"Comedy of Manners," Wilde's play is on the very shallow surface, a funny play that is full of some of his greatest epigrams.
At a deeper level, this play is full of political commentary, social satire and a look at the upper class British of a hundred years ago.
Using his world renound style and wit, Wilde, wrote a play that brought to light the majors flaws of the idle rich and the hypocracy that lived right on the surface of their every day lives.
Often immitated but never surpassed, Wilde had a way with words and an ability to get to the heart of matters while protecting himself; by making the people he was pointing his finger at, laugh at themselves.
This play should be bought, even if one has seen one of the many film versions, or a live revival of the show. The jokes are piled so thickly on top of each other, that in real time, it is imposible to catch everything, or to digest all of the deeper meanings that this play attempts to expose.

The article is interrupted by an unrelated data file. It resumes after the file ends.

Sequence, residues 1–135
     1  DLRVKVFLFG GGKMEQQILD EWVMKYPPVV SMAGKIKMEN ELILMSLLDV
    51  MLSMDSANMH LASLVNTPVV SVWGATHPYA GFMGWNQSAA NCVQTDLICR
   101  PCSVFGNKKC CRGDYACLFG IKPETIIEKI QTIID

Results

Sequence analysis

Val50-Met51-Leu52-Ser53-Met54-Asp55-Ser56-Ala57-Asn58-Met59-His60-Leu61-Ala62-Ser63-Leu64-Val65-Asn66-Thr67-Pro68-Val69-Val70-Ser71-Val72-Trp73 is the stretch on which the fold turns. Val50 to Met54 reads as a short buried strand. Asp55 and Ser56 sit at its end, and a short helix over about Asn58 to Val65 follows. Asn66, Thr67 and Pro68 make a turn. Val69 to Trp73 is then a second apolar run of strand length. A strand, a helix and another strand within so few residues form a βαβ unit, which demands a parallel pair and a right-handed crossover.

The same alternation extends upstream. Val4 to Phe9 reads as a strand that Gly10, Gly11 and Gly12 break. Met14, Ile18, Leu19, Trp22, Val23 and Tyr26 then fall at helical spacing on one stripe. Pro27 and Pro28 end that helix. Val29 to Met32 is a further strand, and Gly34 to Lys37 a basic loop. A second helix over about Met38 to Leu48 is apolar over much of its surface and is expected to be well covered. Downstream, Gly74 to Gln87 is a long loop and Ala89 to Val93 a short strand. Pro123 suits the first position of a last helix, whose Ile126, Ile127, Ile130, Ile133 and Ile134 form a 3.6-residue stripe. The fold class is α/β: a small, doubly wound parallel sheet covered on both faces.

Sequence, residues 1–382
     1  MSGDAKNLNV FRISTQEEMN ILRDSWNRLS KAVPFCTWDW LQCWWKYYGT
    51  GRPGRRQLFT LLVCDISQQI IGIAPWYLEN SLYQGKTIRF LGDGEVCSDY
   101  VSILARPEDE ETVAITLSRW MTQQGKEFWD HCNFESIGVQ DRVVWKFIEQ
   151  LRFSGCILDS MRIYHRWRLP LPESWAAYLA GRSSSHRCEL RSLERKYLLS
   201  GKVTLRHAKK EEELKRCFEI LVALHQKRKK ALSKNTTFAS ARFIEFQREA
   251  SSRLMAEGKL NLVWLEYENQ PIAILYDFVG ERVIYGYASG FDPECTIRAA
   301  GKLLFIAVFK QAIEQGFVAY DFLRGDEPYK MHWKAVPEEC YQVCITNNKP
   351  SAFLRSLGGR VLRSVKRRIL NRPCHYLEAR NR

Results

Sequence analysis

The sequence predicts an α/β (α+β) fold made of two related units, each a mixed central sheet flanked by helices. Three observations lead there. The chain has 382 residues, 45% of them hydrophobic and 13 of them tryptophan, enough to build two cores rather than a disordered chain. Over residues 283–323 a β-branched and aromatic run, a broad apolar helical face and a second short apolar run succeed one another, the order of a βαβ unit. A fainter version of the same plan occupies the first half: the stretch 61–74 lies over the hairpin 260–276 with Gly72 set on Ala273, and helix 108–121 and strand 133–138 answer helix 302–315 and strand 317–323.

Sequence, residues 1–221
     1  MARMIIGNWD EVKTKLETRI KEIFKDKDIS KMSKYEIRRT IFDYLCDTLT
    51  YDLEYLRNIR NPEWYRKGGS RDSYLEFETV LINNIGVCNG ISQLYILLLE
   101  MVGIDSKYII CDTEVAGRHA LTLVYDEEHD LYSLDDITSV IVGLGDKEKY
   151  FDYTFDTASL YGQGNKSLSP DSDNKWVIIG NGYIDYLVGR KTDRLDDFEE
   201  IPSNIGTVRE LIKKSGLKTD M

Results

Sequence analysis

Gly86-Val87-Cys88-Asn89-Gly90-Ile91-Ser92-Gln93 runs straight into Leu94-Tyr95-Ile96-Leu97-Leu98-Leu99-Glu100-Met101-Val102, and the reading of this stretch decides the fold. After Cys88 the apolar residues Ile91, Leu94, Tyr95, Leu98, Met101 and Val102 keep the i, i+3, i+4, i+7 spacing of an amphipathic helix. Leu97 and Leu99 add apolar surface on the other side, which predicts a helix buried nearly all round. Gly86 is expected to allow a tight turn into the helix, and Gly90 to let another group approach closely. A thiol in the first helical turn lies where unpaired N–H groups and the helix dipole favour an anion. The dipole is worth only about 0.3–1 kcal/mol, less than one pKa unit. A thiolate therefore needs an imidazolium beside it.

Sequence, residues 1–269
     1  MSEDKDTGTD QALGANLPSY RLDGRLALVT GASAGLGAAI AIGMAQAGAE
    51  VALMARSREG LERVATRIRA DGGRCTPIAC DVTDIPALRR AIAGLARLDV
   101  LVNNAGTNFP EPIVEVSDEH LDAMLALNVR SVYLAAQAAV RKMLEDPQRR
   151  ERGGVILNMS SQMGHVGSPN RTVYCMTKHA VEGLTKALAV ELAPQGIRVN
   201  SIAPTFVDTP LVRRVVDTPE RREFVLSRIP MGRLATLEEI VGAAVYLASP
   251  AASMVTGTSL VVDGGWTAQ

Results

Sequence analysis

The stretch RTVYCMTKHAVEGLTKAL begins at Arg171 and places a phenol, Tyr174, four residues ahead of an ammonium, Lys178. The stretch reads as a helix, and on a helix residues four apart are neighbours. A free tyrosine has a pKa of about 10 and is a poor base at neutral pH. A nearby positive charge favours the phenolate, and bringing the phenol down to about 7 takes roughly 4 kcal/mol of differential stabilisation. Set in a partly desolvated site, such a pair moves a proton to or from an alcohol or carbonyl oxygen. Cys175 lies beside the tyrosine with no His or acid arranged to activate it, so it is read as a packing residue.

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Most Recent Customer Reviews
5.0 out of 5 stars Oscar Wilde's last play was brilliant!
Where does The Importance of Being Earnest: Free Performance rank among all the audiobooks you’ve listened to so far? Read more
Published 4 days ago by Kristi
4.0 out of 5 stars Four Stars
Good condition of a very nice collection.
Published 7 days ago by Steve
5.0 out of 5 stars "You can never be over-educated or over-dressed." Oscar Wilde
This play is a wickedly funny comedy about victoran bachelors Algernon Moncrieff and Ernest Worthing. Read more
Published 13 days ago by Reader2307
3.0 out of 5 stars The cd came in good condition but the case was cracked in multiple...